Now, remember your Pusher app info? We'll need it here to create the Pusher instance:

function (user, context, callback) {
  ...

  var pusher = new Pusher({
    appId: '<INSERT_YOUR_PUSHER_APP_ID>',
    key: '<INSERT_YOUR_PUSHER_APP_KEY>',
    secret: '<INSERT_YOUR_PUSHER_APP_SECRET>',
    cluster: '<INSERT_YOUR_PUSHER_APP_CLUSTER>',
    encrypted: true
  });

  callback(null, user, context);
}

The next line introduces the concept of user metadata:

function (user, context, callback) {
  ...

  user.app_metadata = user.app_metadata || {};

  callback(null, user, context);
}

If we want to store additional information about a user, Auth0 recommends to do it in a property of the user object called app_metadata.

We'll want to make a distinction between a sign up and a log in, however, since Auth0 doesn't have a way to tell us this. We'll have to set a flag manually, so this line creates an empty object if app_metadata is empty (which will be the case at sign up).

Moving on, let's define the channel where we will be publishing and the default event (when the user signs up). Events are the primary method of packaging messages in Pusher. Learn more about them here.

function (user, context, callback) {
  ...

  var channel = 'auth0';
  var event = 'user-signedUp';

  callback(null, user, context);
}

We're going to send the user object to Pusher, so let's create a deep copy of this object (so neither this or the original object can be affected by later modifications) and add the name of the country where the user is logging in from the context object:

function (user, context, callback) {
  ...

  var userClonedObj = JSON.parse(JSON.stringify(user));
  userClonedObj.country = context.request.geoip.country_name;

  callback(null, user, context);
}

Next, we check if there's a signedUp flag because this would mean that the event is a log in and we'd have to change the event name. If it doesn't exist, the event is a sign up so we set it and update the user object with the function auth0.users.updateAppMetadata.

function (user, context, callback) {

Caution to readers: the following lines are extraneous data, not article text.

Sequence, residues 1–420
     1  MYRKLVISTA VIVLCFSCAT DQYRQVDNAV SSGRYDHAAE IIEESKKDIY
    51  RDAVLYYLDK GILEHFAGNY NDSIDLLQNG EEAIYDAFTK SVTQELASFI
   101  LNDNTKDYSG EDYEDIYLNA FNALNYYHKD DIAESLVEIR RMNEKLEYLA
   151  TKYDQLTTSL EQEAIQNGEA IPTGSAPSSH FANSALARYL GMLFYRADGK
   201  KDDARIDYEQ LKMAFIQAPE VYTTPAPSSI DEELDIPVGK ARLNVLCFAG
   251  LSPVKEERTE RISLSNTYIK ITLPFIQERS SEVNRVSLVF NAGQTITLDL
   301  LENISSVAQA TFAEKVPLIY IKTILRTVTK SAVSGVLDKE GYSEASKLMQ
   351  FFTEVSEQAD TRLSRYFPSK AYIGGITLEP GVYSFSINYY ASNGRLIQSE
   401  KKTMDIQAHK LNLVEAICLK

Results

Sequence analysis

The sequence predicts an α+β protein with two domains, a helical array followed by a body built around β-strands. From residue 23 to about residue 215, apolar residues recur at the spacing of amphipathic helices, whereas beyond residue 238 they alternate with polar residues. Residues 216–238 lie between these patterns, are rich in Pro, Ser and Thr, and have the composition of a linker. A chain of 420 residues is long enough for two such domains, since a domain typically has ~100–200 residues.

...

  if (user.app_metadata.signedUp) {
    event = 'user-loggedIn';
  } else {
    user.app_metadata.signedUp = true; 
    auth0.users.updateAppMetadata(user.user_id, user.app_metadata);
  }

  callback(null, user, context);
}

Finally, we send the object to Pusher.

function (user, context, callback) {
  ...

  pusher.trigger(channel, event, userClonedObj);

  callback(null, user, context);
}

You can check the full code of the function in this gist.

Now, let's test the integration with Pusher. Open the debug console of your app on the Pusher dashboard in another window/tab. Then, back to your rule, click the Try this rule button with some dummy data.

Testing Auth0 Rule

In the Pusher dashboard, you'll see the event when it's sent to Pusher:

Pusher debug

Now let's set up a sample login page with Auth0.

Setting up a login page with Auth0

For this tutorial, we're just going to use the demo project you downloaded when the Auth0 client was created (if you don't have it, return to the Clients section and go to the Quick start tab).

Unzip it, cd into it, and execute npm install to download the dependencies. Then, execute npm start and open in a browser http://localhost:3000. Something like this should be shown:

Auth0 Lock

Leave it open, we'll return to it in a few moments.

Creating a realtime feed with Pusher and React

We'll use Create React App to create this feed application. You can install (or update) it with:

npm install -g create-react-app

And create the project with:

create-react-app auth0-pusher-feed

Next, cd into your app's directory and install the Pusher module with either NPM or Yarn:

yarn add pusher-js
or
npm install --save pusher-js

Let's modify the file src/App.css to give a custom style to our application:

.App {
  text-align: center;
}

.App-header {
  background-color: #222;
  padding: 20px;
  color: white;
}

.evts {
  list-style: none;
  max-width: 600px;
  margin: 0 auto;
  padding: 1.5em 2em;
}

.evts .evt {
  margin-bottom: 1.1em;
  padding-top: 1.5em;
  line-height: 1.5em;
}

.evts .evt + .evt {
  border-top: 1px solid #000;
}

.evts .evt-name {
  color: #172935;
  font-weight: bold;
  margin-bottom: 1em;
}

.evts .evt-email {
  font-weight: bold;
}

.evts .evt-date {
  margin-top: 0.5em;
  font-style: italic;
}